Most pet caregivers do not take “dog breath” seriously, but if your dog has foul breath, it is probably periodontal disease. The American Veterinary Dental Society declares February as Pet Dental Health Month, and states that more than 80 percent of dogs have some form of periodontal disease by the time they are three years old. Partly because the mouth is warm, moist, and has significant nutrients present for organisms to grow on, the oral cavity of dogs is a perfect incubator for all kinds of bacteria. For the health of your dog, take a look inside your dog’s mouth. What’s in there? What does it look like? Healthy with firm gums or red, inflamed gums, with teeth held hostage in clumps of plaque and a foul smell.

Can you imagine not brushing your own teeth for a couple of years? Or even a couple weeks? According to the AVDS, many caregivers do not recognize the importance of dental hygiene for their dog, with more than half not making dental care part of a consistent routine, and only eight percent considering it as one of the top health concerns. When food remains on your dog’s teeth, it forms plaque which, if not removed, continually builds on his teeth and eventually hardens and usually results in serious tooth and gum issues. If not addressed thoroughly, dental disease can strip your pets of not only their teeth, but their overall health, allowing billions of harmful bacteria to enter their bloodstream and affect multiple other organ systems, doing damage to the heart, liver, kidney and lungs.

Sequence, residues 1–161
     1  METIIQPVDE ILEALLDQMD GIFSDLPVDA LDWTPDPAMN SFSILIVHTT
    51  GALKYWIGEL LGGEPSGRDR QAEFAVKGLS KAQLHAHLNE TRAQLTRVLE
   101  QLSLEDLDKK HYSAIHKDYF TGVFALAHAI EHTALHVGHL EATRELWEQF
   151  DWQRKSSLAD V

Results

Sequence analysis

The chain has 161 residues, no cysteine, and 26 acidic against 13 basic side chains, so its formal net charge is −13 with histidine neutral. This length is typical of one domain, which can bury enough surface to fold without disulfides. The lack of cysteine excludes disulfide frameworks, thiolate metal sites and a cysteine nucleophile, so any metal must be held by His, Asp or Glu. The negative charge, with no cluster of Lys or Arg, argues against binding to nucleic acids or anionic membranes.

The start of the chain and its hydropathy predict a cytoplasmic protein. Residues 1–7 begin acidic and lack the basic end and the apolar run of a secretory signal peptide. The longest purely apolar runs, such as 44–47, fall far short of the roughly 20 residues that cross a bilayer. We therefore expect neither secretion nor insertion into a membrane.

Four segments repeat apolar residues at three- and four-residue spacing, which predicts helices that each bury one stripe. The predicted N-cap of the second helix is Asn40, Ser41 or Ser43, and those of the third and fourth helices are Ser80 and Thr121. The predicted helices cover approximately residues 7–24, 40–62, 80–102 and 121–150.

If your dog has bad breath, he needs a trip to your family veterinarian for a complete oral exam, because halitosis usually indicates both serious tooth and gum issues. Your best friend could already be suffering without your even realizing it.

You can usually tell if your canine is suffering from periodontal diseases. Strong or offensive breath is the most common sign of oral disease, and buildup of yellow and brown tarter on the tooth surface offer obvious visual clues. Other signs of this disease include loose teeth, gingivitis, drooling, lack of appetite, difficulty chewing, bleeding gums, and pawing at the mouth.

Dr. Sheldon Rubin, a leading veterinarian in Chicago, who includes Oprah Winfrey’s canines as his patients, says, “People brush their teeth twice a day and see a dentist regularly. Dogs need the same level of care and concern. All too often, I see terrible health problems because of poor dental care.”

Dr. Rubin suggests three ways to take better care of a dog’s teeth and health:

  1. Get a complete dental check up from a professional veterinarian.
  2. Make dental care a daily habit for your dog. Keep your dog’s dental care schedule parallel to your own, so it’s easy to remember. Tooth brushing is the single most important part of oral care and cannot be overemphasized.
  3. If necessary have your dog’s teeth professionally cleaned by your vet.

Oral health is essential for the well-being of all dogs, but they don’t know how to tell us that their mouths hurt, or that they don’t feel good, so by the time we recognize a problem, the disease may in an advanced stage.

Veterinarian Brook Niemiec emphasizes that “taking care of your dog’s teeth is like changing the oil in your car. If you do it regularly, you will avoid bigger and more expensive problems down the line.”